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How were Muharram Processions Different in the 19th Century?

How were Muharram Processions Different in the 19th Century?

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Muharram is the first month of the Islamic calendar and one that represents a sense of loss and mourning and not celebration. Muharram marks the historical Karbala that took place in 680AD. Several prominent primitive Muslims lost their lives including Imam Hussain, Holy Prophet Muhammad’s (PBUH) grandson.

During the month of Muharram, especially the 9th and the 10th – the day of Imam Hussain’s Shahadat, Shia’s worldwide attend and conduct gatherings.

There are processions held to remember and mourn the loss of many. Several paintings were made back in the day to make aware the Europeans of Muharram. This article is a collection of the paintings and their depiction.

CIS:74-1954

The gathering is headed by a leader called the Alam. A cluster of people surrounds him in their bloodstained attired. The Alam narrates anecdotes from the battle in a dramatic manner as the listeners weep at the travesty.

Followed by the narration is the matam. This is also an act of self-flagellation to varying degrees. Songs written to remember Iman Hussain known as Nohay are sung in unison.

All the members are dressed in black, which symbolizes mourning.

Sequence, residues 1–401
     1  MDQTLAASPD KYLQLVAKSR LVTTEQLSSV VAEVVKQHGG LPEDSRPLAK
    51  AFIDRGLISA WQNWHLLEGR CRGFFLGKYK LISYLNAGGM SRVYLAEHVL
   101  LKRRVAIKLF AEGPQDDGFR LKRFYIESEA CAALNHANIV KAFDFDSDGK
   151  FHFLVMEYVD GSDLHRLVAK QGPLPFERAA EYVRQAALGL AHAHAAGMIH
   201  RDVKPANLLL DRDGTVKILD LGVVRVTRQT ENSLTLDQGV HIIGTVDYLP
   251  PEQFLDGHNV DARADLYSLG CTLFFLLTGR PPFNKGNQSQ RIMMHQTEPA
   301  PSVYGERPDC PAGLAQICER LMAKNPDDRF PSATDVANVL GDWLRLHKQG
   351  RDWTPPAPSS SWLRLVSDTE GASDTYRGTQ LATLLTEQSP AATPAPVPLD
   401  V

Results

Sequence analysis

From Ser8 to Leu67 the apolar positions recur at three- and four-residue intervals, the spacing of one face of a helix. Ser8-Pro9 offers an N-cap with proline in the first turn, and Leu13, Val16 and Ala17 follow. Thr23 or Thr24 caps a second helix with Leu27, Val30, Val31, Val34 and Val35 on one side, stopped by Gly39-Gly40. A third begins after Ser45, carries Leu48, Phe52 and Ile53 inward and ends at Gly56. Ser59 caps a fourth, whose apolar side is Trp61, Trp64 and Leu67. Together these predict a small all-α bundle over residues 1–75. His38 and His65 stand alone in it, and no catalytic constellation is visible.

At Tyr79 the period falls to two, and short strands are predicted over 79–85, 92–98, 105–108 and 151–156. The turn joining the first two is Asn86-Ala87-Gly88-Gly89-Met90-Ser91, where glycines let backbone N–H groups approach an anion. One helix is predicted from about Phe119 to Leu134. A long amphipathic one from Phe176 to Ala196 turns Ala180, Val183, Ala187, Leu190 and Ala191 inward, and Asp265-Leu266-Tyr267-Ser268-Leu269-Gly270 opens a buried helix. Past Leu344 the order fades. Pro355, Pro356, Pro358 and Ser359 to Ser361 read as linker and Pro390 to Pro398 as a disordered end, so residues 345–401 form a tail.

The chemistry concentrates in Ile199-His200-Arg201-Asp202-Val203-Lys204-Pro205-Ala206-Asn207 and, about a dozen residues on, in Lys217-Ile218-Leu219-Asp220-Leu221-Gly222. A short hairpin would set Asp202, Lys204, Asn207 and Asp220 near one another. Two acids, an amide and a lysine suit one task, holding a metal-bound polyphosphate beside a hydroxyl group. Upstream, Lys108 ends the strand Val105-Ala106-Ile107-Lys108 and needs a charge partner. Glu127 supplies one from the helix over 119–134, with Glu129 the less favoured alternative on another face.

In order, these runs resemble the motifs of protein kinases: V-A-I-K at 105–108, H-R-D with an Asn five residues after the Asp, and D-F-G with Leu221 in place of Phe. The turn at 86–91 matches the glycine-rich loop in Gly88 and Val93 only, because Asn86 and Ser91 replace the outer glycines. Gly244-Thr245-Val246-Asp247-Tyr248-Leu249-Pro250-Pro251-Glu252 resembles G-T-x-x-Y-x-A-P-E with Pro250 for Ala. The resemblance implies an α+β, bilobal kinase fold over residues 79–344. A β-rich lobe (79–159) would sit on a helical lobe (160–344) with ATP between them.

The gatherings are not always limited to the Shias. Sunnis, Sikhs, Hindus, and Christians have also often participated in their own capacities.

Despite this belief aging all the way back to 680 AD the commemoration, we see today was sparred after the European Invasion and was not conducted like this in the past.

The month of Muharram and how it is passed has always been a source of intrigue and fascination for the British. They found it exotic despite being completely horrified by the act and riveted at the same time.

The paintings were made particularly for Europeans of the East India Company and the likes but were done by Indian artisans. Traditional Western art of miniatures was amalgamated with watercolors to meet the desired result.

However, due to their often-extreme nature, the proceedings had to often be altered to ensure they met the sensibilities of the Europeans in a balance.

Critics of the time claimed that the paintings were subtler and even out of context to a certain extent when compared to the actual events that unfolded during Muharram. The paintings were taken out of context and could not fully depict the sense of mourning that is a prevalent theme of the month.

Despite their less dramatic style depicted of Muharram from the subcontinent’s history, it allows Muslims of today a quick insight into how the month has always been spent.

It reminds us how cultural representations have fascinated the Europeans to an artistic desire to immortalize the month.

*The information and pictures in this article are all sourced from Dawn*

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Rida Khalid

An English Literature graduate with a passion for Psychology. An avid reader, writer, poet (self-proclaimed) and part-time fitness trainer. Currently working with NIC, Lahore. I spin words to make my narcissistic wit sound like diffident profundity. The above feels a lot like braggadocio, meh!

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